Tea leaves (Camellia sinensis) undergo a diverse range of treatments and processes after the initial harvest to obtain the varieties we enjoy. Some of the leaves are rolled or tied, while others are simply picked and dried. Each tea type also have specific requirements for proper steeping, in order to extract the best flavor. If you pay attention to these simple rules, you'll be able to perfect the craft of tea steeping!
#1 Timing is (almost) everything!
Proper steeping time is one of the most essential components to brewing a delicious cup of tea. All tea leaves will begin to release tannins after a certain amount of brew time, which varies depending on tea type. Some are more resilient and can be steeped for up to five minutes, while others must be removed after 45 seconds. Herbal teas and rooibos are the exception; They don't contain true tea leaf, so they can be left to steep indefinitely. To avoid a bitter flavor, steep tea according to suggested brewing time. Just set a simple kitchen timer (or the timer on your phone) and remove the tea when the time's up!
#2 Some like it hot... but don't burn it!
Similar to steeping time, each variety of tea has a unique steeping temperature as well. Using water that is too hot can "burn" your tea. Burning the tea leaves will result in a quick release of tannic acid and caffeine, resulting in a bitter, astringent, or acrid flavor. Temperature variables kettles are a tea drinker's best friend, as they completely eliminate the guess work of water temps.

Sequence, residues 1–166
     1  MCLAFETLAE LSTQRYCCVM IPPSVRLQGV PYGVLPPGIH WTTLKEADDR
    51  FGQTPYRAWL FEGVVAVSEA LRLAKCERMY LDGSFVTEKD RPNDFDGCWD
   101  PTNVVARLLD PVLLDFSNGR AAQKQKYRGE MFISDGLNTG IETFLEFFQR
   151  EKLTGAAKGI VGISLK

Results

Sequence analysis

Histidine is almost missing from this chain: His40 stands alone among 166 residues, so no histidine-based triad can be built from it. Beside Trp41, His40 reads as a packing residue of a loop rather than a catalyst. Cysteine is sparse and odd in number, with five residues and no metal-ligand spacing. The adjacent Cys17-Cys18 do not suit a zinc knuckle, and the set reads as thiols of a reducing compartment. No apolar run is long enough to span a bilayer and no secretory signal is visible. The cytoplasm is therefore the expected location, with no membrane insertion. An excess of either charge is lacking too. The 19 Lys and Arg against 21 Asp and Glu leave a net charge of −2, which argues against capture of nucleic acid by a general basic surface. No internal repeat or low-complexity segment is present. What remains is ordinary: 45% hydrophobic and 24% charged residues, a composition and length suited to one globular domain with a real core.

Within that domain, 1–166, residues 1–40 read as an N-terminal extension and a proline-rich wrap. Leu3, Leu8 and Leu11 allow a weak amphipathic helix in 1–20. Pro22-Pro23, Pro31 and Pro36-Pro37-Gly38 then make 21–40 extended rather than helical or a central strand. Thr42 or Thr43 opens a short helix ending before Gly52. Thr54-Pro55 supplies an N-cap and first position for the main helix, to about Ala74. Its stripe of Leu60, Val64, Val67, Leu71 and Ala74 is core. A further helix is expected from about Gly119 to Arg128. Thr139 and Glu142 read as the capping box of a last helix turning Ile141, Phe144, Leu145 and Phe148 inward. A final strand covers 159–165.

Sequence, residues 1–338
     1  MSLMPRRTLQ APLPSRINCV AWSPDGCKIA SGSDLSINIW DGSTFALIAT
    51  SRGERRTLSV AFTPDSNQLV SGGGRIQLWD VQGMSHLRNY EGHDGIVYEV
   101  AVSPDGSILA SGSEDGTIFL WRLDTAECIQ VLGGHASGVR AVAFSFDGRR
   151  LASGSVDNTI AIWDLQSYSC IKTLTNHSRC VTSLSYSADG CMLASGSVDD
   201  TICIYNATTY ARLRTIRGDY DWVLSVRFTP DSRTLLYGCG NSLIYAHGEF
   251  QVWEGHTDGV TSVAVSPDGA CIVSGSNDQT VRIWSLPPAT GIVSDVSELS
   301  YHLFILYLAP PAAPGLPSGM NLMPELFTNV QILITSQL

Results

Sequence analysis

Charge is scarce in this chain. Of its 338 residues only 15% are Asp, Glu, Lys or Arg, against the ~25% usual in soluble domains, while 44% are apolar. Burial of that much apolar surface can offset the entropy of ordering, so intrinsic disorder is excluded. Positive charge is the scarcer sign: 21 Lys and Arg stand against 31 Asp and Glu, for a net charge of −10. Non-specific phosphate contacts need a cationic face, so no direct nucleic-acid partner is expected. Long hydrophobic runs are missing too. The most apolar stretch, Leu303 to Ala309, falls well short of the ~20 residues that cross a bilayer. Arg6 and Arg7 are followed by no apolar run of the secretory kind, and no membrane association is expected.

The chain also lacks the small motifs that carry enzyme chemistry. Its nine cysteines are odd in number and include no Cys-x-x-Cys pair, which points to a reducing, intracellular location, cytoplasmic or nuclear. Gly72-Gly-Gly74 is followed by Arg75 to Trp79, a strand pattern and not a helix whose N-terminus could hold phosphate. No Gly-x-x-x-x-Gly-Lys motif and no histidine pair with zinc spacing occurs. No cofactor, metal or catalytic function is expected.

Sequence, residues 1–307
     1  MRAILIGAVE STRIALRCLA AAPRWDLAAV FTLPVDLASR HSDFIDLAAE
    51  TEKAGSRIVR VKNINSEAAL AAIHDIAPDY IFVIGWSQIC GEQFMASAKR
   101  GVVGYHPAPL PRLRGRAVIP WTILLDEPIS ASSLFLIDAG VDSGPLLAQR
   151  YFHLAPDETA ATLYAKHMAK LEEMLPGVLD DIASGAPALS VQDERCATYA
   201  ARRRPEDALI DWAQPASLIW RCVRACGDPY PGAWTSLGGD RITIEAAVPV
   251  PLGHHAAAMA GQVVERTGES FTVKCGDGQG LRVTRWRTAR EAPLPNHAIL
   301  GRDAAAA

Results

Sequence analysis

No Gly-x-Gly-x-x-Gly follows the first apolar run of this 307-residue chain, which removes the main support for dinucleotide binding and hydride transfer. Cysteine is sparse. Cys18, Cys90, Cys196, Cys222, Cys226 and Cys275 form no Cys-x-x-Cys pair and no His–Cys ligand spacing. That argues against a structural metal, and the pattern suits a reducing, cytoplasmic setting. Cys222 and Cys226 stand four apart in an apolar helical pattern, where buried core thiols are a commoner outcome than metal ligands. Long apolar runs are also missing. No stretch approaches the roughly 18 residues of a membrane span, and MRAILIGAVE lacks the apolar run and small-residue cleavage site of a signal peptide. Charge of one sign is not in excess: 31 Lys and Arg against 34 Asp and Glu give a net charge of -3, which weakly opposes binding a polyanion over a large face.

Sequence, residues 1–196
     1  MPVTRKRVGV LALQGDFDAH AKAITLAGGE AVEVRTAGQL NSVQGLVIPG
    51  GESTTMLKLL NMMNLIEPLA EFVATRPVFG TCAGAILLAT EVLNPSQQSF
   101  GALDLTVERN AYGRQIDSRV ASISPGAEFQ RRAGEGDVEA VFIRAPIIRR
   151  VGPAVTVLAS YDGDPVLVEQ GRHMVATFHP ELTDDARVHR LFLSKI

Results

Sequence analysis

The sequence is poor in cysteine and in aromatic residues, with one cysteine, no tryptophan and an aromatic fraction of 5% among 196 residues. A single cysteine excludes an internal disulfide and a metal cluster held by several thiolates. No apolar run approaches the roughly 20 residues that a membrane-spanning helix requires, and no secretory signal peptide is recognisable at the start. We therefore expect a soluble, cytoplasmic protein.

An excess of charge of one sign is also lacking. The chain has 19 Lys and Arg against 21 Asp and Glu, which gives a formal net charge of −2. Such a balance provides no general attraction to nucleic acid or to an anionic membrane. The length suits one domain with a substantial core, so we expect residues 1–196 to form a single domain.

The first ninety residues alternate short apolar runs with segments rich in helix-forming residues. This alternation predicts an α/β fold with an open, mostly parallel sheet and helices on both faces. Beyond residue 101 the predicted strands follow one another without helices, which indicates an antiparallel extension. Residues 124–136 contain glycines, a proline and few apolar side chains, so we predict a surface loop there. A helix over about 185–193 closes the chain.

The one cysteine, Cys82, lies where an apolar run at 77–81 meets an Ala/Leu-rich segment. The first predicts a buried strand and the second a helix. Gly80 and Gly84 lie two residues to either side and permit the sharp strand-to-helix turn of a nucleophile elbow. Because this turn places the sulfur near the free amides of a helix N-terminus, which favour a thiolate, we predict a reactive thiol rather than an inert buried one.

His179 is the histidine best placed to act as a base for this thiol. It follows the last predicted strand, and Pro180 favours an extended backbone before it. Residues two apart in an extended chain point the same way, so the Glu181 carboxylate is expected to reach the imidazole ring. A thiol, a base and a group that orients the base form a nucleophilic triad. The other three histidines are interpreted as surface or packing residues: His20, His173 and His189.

#3 More isn't always better (and less isn't always more.)
When steeping tea, a proper teaspoon of leaves per 6 ounces of water will suffice. If you don't use enough tea, the result will be a weak brew. Conversely, using too many leaves will result in a bitter or overbearing flavor. Make sure to pay attention to the size of your vessel, and simply divide by 6 to find the amount of teaspoons necessary for a perfect pot, cup or mug of tea. The result with be like Baby Bear's porridge... just right!
#4 (Don't) have it in the bag!
Loose leaf teas will provide you with a more flavorful steep. Tea bags usually contain "dust and fannings," which is lower quality, broken pieces of the tea plant. Though loose leaf teas will require a steeping apparatus, the extra step will be worth it in the end. High quality loose leaf tea will have a noticeably rich aroma and appearance compared to a supermarket tea bag. To keep your tea delicious, store it in a container that keeps out air, light, and moisture!
#5 Soak it all in!
Congratulations! You brewed a delicious cup of tea! Now, take the time to sit back and savor all of the subtle flavors and tones that properly steeped tea has to offer. Whether you are drinking a caffeinated black tea to invigorate you, or a soothing oolong to wind down in the afternoon, the most important part of a good cup of tea is being able to relax and enjoy it. :)